Fed staff research anchors subtle shift that could lead rates higher

Reuters Wednesday August 29, 2018 18:42
Excerpt of: Fed staff research anchors subtle shift that could lead rates higher
by Howard Schneider

WASHINGTON  – The U.S. Federal Reserve should be ready to lift interest rates for a longer period or even more quickly than currently expected to insure against a jump in inflation in a U.S. economy operating in the vicinity of full employment.

That is the message that has been percolating up from senior central bank staff economists to policymakers including Fed Chair Jerome Powell in research that has helped inform a subtle shift in how Powell plans to steer policy amid growing uncertainty about concepts such as full employment and the neutral level of interest rates.

Powell on Friday signaled he was wary of how accurately the Fed can estimate some of the variables that are important to the U.S. central bank’s models of the economy, including the level of full employment and the “neutral” rate of interest, and was thus hesitant to be guided strictly by how they interact.

“A skeptic would say that the models aren’t working – and this is what Powell is indirectly saying,” Robert Eisenbeis, chief monetary economist with Cumberland Advisors, wrote this week. “His answer is to fall back on risk management,” or weighing the cost of a mistake in either direction and choosing the less costly option.

Read the full article at Reuters.com




It’s in the Stars

As is the custom for Fed chairs, Chairman Powell provided the kickoff address to the Kansas City Fed’s annual Jackson Hole symposium, broadly attended by many of the world’s central bankers.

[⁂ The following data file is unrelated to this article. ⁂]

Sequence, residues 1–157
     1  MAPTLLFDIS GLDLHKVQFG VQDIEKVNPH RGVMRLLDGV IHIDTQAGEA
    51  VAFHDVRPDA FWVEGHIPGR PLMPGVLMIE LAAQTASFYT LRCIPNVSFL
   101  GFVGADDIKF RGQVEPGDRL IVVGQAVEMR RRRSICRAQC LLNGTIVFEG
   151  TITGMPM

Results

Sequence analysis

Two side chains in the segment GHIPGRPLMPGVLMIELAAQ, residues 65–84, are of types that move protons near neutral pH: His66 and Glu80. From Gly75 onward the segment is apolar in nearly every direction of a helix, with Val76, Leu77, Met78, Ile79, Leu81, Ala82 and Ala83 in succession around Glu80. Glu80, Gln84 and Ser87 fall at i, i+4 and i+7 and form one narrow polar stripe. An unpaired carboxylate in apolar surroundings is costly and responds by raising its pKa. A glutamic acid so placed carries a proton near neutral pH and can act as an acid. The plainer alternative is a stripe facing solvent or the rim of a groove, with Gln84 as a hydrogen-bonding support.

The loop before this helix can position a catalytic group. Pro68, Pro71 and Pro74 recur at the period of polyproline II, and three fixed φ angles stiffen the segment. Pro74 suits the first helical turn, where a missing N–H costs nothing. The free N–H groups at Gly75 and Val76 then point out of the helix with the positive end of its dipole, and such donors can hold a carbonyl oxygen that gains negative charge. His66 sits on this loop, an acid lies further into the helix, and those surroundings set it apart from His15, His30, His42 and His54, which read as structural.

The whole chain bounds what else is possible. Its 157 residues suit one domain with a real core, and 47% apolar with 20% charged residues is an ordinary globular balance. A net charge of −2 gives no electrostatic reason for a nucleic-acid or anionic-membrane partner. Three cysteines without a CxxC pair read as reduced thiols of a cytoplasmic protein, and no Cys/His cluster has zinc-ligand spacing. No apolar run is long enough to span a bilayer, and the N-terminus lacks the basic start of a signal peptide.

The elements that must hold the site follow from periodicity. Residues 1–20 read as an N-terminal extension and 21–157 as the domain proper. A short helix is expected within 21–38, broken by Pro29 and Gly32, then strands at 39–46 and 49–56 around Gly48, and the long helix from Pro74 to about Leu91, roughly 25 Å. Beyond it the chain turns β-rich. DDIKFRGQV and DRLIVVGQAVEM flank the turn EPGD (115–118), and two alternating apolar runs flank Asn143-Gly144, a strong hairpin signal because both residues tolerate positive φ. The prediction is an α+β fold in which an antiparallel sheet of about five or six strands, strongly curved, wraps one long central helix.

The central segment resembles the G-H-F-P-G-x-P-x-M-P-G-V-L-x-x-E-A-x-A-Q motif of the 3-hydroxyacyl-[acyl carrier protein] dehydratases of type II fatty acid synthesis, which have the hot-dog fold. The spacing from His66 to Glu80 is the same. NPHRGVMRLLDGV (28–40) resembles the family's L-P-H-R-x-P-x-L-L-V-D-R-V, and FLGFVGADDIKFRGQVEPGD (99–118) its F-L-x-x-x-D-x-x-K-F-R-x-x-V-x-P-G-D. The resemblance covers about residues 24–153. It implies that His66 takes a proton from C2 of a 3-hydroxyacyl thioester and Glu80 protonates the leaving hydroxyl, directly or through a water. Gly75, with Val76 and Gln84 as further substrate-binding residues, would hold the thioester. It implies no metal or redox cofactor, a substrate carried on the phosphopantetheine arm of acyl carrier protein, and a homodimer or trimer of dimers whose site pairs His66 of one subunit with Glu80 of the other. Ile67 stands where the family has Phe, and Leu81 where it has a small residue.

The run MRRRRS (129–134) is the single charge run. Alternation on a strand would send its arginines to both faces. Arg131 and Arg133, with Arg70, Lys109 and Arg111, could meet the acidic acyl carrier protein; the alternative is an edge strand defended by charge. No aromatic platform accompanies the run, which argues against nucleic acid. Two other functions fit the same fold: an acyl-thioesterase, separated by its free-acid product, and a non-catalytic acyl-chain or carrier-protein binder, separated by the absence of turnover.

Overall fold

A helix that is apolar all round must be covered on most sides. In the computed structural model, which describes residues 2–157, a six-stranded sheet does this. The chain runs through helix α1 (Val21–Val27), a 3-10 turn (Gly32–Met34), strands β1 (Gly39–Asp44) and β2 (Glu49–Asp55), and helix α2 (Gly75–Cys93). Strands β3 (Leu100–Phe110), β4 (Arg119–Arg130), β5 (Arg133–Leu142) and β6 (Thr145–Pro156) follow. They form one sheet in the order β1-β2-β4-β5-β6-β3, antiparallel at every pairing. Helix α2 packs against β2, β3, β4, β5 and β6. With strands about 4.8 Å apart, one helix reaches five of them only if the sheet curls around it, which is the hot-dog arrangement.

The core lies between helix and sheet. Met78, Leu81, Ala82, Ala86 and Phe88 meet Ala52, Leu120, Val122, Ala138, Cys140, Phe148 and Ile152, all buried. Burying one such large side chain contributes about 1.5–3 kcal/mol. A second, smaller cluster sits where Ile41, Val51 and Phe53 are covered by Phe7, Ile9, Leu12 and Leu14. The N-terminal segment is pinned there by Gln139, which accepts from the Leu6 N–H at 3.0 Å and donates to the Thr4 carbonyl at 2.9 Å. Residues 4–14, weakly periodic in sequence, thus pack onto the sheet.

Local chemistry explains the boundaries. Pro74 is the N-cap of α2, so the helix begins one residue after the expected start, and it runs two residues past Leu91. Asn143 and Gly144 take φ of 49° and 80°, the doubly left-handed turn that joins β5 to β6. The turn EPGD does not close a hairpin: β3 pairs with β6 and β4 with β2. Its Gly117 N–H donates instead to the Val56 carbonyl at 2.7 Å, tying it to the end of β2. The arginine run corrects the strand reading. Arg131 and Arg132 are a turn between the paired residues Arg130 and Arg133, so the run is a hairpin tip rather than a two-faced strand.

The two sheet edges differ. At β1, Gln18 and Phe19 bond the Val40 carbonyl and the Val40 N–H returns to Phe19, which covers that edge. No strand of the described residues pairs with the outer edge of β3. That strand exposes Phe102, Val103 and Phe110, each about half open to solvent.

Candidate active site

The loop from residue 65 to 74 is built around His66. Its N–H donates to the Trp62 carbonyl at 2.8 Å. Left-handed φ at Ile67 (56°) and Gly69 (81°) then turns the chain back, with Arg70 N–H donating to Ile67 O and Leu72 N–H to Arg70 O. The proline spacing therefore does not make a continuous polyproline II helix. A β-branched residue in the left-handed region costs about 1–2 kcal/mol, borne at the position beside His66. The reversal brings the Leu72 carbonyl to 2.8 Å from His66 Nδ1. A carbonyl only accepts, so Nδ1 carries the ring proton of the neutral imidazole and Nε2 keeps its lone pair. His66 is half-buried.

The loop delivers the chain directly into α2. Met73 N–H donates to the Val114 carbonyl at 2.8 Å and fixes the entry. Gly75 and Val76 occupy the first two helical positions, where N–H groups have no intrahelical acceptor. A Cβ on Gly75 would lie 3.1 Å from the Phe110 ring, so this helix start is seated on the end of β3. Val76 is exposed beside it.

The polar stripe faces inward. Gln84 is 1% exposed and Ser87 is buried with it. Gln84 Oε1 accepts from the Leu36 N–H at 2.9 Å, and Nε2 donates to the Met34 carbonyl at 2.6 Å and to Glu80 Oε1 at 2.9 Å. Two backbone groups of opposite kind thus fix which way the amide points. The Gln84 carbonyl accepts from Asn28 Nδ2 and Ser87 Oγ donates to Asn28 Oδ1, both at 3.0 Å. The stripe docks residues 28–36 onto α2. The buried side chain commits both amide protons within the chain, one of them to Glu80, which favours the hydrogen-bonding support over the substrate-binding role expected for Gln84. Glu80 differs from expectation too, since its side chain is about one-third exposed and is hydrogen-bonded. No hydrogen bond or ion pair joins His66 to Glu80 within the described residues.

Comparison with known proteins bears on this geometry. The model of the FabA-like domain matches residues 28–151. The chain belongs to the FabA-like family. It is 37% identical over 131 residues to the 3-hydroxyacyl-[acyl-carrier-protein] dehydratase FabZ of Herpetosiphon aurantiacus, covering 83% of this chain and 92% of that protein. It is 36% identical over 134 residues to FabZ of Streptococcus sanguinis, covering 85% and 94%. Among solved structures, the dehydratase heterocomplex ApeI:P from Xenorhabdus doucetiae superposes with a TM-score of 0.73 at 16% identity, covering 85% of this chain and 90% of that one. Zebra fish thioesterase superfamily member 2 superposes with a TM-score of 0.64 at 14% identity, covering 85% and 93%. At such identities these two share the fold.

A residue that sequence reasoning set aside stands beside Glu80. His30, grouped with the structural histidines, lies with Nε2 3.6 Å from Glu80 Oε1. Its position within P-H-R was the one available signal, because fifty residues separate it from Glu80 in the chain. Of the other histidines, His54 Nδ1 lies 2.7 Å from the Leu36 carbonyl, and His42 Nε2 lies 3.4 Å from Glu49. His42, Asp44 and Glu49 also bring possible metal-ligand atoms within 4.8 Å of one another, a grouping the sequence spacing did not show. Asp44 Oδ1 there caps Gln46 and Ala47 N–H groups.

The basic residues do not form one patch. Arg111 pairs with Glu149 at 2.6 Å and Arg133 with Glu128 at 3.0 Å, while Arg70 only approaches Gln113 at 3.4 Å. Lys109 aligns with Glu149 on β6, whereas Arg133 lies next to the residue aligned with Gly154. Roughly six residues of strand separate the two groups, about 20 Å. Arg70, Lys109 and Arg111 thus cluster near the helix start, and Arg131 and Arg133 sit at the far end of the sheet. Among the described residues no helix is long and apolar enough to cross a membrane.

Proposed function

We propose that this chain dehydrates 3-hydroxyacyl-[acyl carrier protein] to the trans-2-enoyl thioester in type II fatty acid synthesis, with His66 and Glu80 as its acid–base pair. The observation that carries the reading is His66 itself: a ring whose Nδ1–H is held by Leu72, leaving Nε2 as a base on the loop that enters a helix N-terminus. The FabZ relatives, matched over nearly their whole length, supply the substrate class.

For those who are unfamiliar with the conference, the papers presented are generally conceptual economic policy documents with a distinctly longer-run, bigger-picture focus rather than a discussion and assessment of currently policy. In that vein, Chairman Powell provided an interesting and thoughtful discussion of the problems that he and the Fed face in setting policy going forward.

Some commentators on the speech focused on missing elements such as Powell’s failure to mention trade and tariff issues or the changing role that international economic integration has on the policy environment of changing policy regimes. These factors are clearly important but weren’t central to Chairman Powell’s thought piece, which really focused on the more abstract conceptual framework upon which the Fed’s current policy is depends.

Before discussing that framework however, Powell first provided a brief, but obligatory, overview of the current economic situation. It proved to be just a restatement of what was noted in the FOMC’s July/August policy statement and subsequent minutes. He noted that growth is strengthening, unemployment is at a 30-year low, and inflation is at the 2% objective. There was nothing new or noteworthy here.

Then Chairman Powell then turned to the more interesting part of the speech – interesting in part because it appears that he is revealing his own discomfort with the current policy framework. He first poses two disparate questions that observers and critics might ask any FOMC participant today, questions that encapsulate the policy conundrum the FOMC now faces. The questions are paraphrased below: